6 things we learned from the heartbreaking Whitney Houston movie
'Whitney: Can I Be Me' aired Friday on Showtime
Most Whitney Houston fans love the late singer and icon primarily for one thing: her superhuman, once-in-a-lifetime vocal power. But when she graces the screen in the new biographical doc Whitney: Can I Be Me, which debuted Friday night on Showtime after a premiere at the Tribeca Film Festival this year, other more human aspects come to light, rendering Houston all the more real — and her loss that much greater.
The diva — whose dreamy gaze and wispy speaking voice gave the impression of a calm and unflappable woman — was in truth very fragile, plagued by unthinkable pressures all around her, from those closest to her and ultimately from within herself as well. Here are six surprising takeaways from the documentary.
Much of Houston’s career was not up to her
When Houston came on the scene in the early ’80s, many were quick to realize they had a truly unprecedented talent on their hands. But record executives had a specific plan for the young singer, who they considered to be “so moldable,” and it essentially involved whitewashing her R&B and gospel roots. “Anything that was too ‘black-sounding’ was sent back to the studio,” music publicist Kenneth Reynolds, who worked with Houston early in her career, says in the film. The desired result was to create an African-American version of Joni Mitchell, as opposed to a female James Brown, he continues. Houston, of course, was capable of achieving both of these and more, but her initial pop-infused, radio-friendly successes caused derision within the black community — so much so that she was publicly booed at 1988’s second annual Soul Train Awards for purportedly denying her background.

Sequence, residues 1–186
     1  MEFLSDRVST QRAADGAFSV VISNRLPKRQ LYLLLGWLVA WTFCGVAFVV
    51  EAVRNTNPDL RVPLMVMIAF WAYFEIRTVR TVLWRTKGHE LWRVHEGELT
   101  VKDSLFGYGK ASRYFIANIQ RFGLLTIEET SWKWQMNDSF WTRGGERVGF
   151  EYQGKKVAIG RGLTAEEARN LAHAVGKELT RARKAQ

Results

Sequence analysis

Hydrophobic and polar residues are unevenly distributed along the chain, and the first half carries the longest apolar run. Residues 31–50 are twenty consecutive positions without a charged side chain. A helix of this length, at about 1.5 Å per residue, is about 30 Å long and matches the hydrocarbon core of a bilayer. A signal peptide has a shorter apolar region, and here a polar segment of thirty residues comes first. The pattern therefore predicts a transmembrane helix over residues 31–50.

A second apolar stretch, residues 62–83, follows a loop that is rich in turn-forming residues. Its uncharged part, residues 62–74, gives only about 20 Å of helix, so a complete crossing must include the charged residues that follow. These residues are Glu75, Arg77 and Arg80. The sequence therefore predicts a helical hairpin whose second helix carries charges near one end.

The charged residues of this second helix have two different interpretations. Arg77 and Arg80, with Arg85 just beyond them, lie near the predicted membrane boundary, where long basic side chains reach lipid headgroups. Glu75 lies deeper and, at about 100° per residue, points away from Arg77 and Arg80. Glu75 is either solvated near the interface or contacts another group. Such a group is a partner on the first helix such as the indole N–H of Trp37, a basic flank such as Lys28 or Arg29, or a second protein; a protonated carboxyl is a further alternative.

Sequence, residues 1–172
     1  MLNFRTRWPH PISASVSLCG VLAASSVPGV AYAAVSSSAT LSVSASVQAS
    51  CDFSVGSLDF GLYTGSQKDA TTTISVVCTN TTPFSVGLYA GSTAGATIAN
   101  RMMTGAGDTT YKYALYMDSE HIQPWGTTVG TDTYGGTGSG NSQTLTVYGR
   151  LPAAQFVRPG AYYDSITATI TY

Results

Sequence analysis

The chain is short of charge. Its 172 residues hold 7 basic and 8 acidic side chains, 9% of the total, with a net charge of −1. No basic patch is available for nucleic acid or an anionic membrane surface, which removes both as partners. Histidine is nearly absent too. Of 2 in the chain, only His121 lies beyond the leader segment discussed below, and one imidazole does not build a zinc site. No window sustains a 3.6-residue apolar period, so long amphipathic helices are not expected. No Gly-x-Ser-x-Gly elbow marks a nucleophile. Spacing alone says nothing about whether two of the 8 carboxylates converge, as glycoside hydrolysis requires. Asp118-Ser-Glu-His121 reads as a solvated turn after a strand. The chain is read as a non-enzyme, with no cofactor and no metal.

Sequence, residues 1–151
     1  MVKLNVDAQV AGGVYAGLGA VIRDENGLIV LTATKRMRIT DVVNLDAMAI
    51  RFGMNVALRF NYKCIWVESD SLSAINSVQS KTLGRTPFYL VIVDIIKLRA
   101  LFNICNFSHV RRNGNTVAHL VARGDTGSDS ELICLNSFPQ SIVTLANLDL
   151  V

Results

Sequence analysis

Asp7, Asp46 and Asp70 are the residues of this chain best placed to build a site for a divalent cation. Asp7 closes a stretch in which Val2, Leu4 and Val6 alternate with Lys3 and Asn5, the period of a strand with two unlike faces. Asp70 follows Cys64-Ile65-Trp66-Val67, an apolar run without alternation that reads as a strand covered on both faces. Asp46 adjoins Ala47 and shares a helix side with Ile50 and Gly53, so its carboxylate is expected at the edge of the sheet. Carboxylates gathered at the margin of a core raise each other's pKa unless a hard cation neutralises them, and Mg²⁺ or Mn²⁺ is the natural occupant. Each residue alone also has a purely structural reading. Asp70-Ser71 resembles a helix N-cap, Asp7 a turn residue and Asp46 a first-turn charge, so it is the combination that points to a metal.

Her parents were far from supportive, when it counted
Houston’s background and birthplace — Newark, New Jersey, in the years leading up to the 1967 race riots that happened there — are highlighted, along with her parents, Cissy and John, who were active members of the local church. In her own words, Houston describes what it’s like being raised by “God-fearing” people: “There’s a certain boundary that you couldn’t cross.” Cissy, in particular, is presented as a strict force within the family, and later, within her daughter’s career.
But that guidance didn’t help Whitney in her time of need: as she descended further into drug use and addiction later in her adult life, her mother admits, in an astonishing interview with Oprah Winfrey, being so angry that she “wanted to kill her” when she realized her daughter was high. Additionally, although it is glossed over in the film, Houston’s father’s lawsuit against her toward the end of his life — in which he sought financial retribution from his own daughter — also proved to be a damaging element for Houston.
Houston may have found a place in today’s more accepting environment of sexuality and gender expression
One recurring character in Houston’s life who remained largely in the background — best friend, confidant, and de facto manager Robyn Crawford — is given much screen time in this doc, and the speculation over the level of intimacy in their relationship is left wide open. It is clear there was palpable tension between Crawford and Houston’s husband, rapper Bobby Brown, and it is safe to say some of that tension stemmed from a rivalry for Houston’s affections.